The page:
The report takes as its starting point this new definition of 'fine crafts' by ACE:
We examine the whole market of contemporary craft made by self-defined professional designer-makers. In accordance with Arts Council England policy we place particular emphasis on the market for contemporary fine craft. This is work that meets the following criteria:
• contemporary craft work that is cutting-edge and ensures the highest standard of workmanship
• work that must not seek to reproduce or restore, but rather must be innovative in its use of materials and aesthetic vision
• work that not only reflects the signature of the individual maker, but also demonstrates investigation of processes and critical enquiry.
Taking this definition as the starting point, the report goes on to propose a four-fold typology or segmentation of craft practices:
Segment 1 – Recognised craft and recognised designer-makers
Established designer-makers have work in significant public collections, and in solo exhibitions. They are concerned to be recognised for working in a fine art discipline and make for an international market. They make up 7.3 per cent of the sector.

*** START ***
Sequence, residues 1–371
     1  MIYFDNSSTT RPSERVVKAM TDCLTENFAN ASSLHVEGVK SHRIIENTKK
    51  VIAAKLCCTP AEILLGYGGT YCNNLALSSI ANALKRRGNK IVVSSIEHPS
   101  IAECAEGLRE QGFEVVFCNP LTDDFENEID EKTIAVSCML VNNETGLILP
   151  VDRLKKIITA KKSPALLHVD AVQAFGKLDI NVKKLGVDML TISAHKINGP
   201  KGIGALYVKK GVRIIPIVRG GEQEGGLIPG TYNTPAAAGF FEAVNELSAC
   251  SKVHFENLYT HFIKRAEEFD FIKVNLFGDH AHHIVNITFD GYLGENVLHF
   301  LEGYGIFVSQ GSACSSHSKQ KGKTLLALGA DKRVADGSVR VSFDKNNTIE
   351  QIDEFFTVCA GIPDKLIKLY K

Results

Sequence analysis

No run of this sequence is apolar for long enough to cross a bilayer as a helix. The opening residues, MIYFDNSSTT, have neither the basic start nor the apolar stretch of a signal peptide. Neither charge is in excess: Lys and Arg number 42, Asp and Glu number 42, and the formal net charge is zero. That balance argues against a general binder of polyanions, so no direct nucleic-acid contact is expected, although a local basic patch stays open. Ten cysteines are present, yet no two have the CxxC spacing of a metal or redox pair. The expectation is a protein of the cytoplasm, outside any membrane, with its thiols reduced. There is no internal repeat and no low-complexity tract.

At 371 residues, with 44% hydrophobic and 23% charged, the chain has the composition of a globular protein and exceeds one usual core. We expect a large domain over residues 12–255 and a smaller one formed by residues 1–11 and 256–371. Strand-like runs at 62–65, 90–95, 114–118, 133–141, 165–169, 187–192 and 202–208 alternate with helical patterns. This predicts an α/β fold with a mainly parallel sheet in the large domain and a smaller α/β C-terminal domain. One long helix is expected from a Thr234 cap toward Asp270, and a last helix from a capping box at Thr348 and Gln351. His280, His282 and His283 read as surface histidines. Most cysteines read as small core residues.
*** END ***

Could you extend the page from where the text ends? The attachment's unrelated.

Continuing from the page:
Segment 2 – Progressive craft and progressive designer-makers
Designer-makers here are making themselves known for their cutting-edge work. Their work is beginning to be collected; it is intended for a national and an international market, but they sell at a range of outlets because of a shortage of dealers and high-quality outlets. These designer-makers make up 3.1 per cent of the sector.
Segment 3 – Emerging craft and emerging designer-makers
In this segment there is work by emerging designer-makers seeking to be recognised as progressive. They face a battle for survival and this often means making commercial work that subsidises more challenging work. These designer-makers comprise 4.9 per cent of the sector.
Segment 4 – Most craft and most craft designer-makers
This segment contains the vast majority of professional designer-makers – people who are driven to live by their creativity. They are generally making non-critically engaged work and are selling mainly to a local market. There are many very successful entrepreneurs in this group who make a good living from sales and commissions. These designer-makers are 84.7 per cent of the sector.
All in all, an interesting and useful piece of work that takes this question of definition forwards.